Style over substance is an all-too-common sin, and one that Paul Thomas Anderson succumbs to without much fight in Punch-Drunk Love (2002). The film follows lonely Barry Egan (Adam Sandler) in his search for love and his exploitation of a promotion that will earn him an abundance of frequent flyer miles (real-life inspiration: David Phillips). The search for love is the main focus, as Egan finds himself egged-on by one of his seven abusive sisters to date her friend Lena (Emily Watson) and simultaneously running from a group trying to extort and harm him after he calls a phone-sex service.
If all of that sounds bizarre, that’s because it is meant to be. Anderson and Sandler desperately milk every last laugh that such absurdity provides, even when it means condescending to the audience. Too often, it does, and the movie does not let us breathe before we acknowledge just how horrible Egan’s sisters are and how unfortunate Egan’s tendencies toward fits of rage are…at first. Unfortunately, Mary Lynn Rajskub is a caricature as the sister Elizabeth, and Watson and Sandler are completely devoid or chemistry, and Sandler in particular makes it hard to believe that he is in love, so despite how hard the dialogue tries to make us react, it sometimes seems like the actors don’t want us to. The sole worthy performance, by Phillip Seymour Hoffman as the man behind the phone-sex con, is laugh-out-loud funny in his two short scenes at the end. Sandler, while amusing in both his passivity and his bouts of anger, keeps his character firmly on the surface.
Anderson has an attachment to wide shots and long takes, conveying the distance of a man who probably sees nothing of value in his surroundings, and providing a small level of admiration for a picture that is too underwritten to ever connect with. Anderson, like Sandler, is afraid to wear his heart on his sleeve (or for that matter, anywhere visible) and he instead opts for black humor, repeatedly punishing characters for being in unfortunate situations, portraying them as foolish and inciting the audience to laugh at their foolishness. Anderson’s punishing of characters for trivial deeds, such as the phone-sex that drives much of the plot, comes without the insight (or much of the humor) that the Coen Brothers bring to similar actions. Punch-Drunk Love’s best laughs come with smart, recursive dialogue, not a character’s stupid decision, but the latter is far more common than the former. Worse, the stupid decisions are almost entirely inconsequential to the story, so instead of getting to know Egan, whose back-story as a busy worker with seven terrible sisters could be compelling, we find ourselves more off-put than sympathetic, and the little sympathy we have is mostly derived from how unlikable all the other characters are.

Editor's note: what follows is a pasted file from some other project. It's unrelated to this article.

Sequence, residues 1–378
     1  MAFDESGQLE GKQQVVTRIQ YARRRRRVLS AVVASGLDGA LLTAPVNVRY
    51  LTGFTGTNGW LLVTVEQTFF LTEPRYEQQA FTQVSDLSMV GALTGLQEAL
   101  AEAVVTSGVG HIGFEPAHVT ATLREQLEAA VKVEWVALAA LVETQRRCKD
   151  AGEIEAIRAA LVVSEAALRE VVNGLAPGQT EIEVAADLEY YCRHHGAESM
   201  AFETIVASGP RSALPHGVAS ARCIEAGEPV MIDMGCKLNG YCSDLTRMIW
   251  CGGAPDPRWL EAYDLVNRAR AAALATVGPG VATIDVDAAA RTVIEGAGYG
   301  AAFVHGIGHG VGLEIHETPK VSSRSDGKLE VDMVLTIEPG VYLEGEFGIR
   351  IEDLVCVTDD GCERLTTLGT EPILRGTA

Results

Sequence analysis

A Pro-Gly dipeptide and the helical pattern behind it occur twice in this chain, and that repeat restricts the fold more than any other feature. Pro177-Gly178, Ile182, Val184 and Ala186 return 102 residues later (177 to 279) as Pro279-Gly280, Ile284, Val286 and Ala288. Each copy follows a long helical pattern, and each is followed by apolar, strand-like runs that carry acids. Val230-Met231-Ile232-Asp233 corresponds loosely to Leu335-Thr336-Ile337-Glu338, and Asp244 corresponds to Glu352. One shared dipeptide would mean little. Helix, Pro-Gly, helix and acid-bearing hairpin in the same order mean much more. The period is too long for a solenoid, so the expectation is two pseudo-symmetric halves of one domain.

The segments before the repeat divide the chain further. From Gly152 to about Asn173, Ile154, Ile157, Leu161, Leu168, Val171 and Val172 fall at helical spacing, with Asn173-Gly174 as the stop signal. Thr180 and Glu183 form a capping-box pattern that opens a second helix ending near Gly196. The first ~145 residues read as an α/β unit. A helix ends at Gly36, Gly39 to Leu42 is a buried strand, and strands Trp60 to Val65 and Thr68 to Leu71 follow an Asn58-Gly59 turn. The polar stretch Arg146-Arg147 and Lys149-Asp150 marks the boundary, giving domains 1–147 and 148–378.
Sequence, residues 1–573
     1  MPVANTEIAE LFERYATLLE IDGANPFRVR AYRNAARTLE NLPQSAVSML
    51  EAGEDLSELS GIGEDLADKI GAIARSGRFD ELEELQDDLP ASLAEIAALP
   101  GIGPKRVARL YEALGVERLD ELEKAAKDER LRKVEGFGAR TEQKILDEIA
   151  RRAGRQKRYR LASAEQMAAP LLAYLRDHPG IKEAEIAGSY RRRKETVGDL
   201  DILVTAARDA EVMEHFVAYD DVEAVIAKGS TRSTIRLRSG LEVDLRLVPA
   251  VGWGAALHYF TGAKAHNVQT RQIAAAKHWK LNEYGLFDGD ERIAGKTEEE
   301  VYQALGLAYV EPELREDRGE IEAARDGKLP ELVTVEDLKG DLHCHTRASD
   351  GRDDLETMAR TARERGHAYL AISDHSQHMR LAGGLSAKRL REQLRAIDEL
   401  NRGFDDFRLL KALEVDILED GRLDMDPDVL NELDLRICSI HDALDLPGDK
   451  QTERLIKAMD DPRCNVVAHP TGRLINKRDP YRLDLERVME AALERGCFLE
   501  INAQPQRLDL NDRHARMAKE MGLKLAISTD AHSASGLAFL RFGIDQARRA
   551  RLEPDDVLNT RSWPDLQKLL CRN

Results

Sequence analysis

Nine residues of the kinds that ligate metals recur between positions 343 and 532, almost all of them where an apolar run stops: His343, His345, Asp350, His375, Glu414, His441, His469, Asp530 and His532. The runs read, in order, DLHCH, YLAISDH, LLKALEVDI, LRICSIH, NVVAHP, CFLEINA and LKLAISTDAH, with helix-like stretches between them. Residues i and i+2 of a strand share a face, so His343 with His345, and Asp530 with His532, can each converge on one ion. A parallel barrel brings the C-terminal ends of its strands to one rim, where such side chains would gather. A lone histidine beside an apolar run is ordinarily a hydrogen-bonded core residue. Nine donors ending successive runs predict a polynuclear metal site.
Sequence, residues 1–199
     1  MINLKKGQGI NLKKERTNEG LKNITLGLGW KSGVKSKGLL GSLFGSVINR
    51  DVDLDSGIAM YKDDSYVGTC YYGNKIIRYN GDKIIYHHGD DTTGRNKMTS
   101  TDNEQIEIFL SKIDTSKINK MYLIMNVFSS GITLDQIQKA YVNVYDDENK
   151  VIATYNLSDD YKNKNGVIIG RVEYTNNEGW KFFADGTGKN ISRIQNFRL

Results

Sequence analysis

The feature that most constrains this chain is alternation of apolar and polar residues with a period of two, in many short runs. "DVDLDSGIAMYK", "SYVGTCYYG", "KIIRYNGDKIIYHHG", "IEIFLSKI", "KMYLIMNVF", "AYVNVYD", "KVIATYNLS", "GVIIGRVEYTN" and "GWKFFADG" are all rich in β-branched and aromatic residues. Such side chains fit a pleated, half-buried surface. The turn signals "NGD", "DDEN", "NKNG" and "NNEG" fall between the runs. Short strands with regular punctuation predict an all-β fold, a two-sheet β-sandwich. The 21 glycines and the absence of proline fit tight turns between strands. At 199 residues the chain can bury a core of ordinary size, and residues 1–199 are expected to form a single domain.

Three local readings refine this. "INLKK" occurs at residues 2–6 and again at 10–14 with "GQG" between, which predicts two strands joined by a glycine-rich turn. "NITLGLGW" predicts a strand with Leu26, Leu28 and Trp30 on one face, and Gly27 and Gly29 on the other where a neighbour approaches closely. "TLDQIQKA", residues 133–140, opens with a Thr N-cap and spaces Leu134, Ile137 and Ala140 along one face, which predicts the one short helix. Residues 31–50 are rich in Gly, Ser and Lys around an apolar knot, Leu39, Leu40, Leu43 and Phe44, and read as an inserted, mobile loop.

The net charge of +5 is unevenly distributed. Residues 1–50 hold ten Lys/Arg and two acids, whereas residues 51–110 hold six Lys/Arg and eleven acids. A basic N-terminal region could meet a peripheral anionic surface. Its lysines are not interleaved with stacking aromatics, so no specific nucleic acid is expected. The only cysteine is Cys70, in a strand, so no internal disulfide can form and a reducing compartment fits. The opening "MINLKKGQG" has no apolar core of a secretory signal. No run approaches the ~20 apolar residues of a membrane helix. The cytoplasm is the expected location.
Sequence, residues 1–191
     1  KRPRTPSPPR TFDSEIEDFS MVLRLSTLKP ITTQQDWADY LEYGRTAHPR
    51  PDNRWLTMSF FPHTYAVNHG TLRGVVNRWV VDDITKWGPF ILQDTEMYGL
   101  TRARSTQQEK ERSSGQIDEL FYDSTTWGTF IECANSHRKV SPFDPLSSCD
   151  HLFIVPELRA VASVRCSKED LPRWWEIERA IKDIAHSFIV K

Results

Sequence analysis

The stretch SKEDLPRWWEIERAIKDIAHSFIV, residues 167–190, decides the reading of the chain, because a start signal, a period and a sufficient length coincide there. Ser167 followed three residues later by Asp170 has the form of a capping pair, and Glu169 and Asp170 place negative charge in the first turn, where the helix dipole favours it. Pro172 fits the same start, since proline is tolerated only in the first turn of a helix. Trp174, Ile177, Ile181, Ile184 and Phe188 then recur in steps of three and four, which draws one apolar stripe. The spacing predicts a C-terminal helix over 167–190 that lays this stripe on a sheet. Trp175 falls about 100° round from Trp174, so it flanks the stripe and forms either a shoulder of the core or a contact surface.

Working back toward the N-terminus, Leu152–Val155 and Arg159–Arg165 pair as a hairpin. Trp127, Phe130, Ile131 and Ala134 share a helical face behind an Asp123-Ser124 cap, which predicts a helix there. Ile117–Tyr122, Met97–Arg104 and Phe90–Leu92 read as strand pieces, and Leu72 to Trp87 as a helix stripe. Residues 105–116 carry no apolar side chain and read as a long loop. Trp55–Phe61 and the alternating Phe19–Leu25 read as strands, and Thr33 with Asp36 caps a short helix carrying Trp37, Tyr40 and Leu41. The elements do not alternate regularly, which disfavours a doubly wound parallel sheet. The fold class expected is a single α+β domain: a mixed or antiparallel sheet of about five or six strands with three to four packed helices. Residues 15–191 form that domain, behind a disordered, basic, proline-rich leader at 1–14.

The protagonist here is paper-thin; nothing lets us believe that Egan has been empowered enough—physically or mentally—to ward off those extorting him. For a director known for compelling characters, his tendency to make characters play second fiddle to plot here is shocking and, until the end, occasionally revolting. There are a few of laughs to be had, and Anderson’s direction is strong enough to support a script far better than the one he wrote, which makes Punch-Drunk Love a compelling failure, but a failure nonetheless.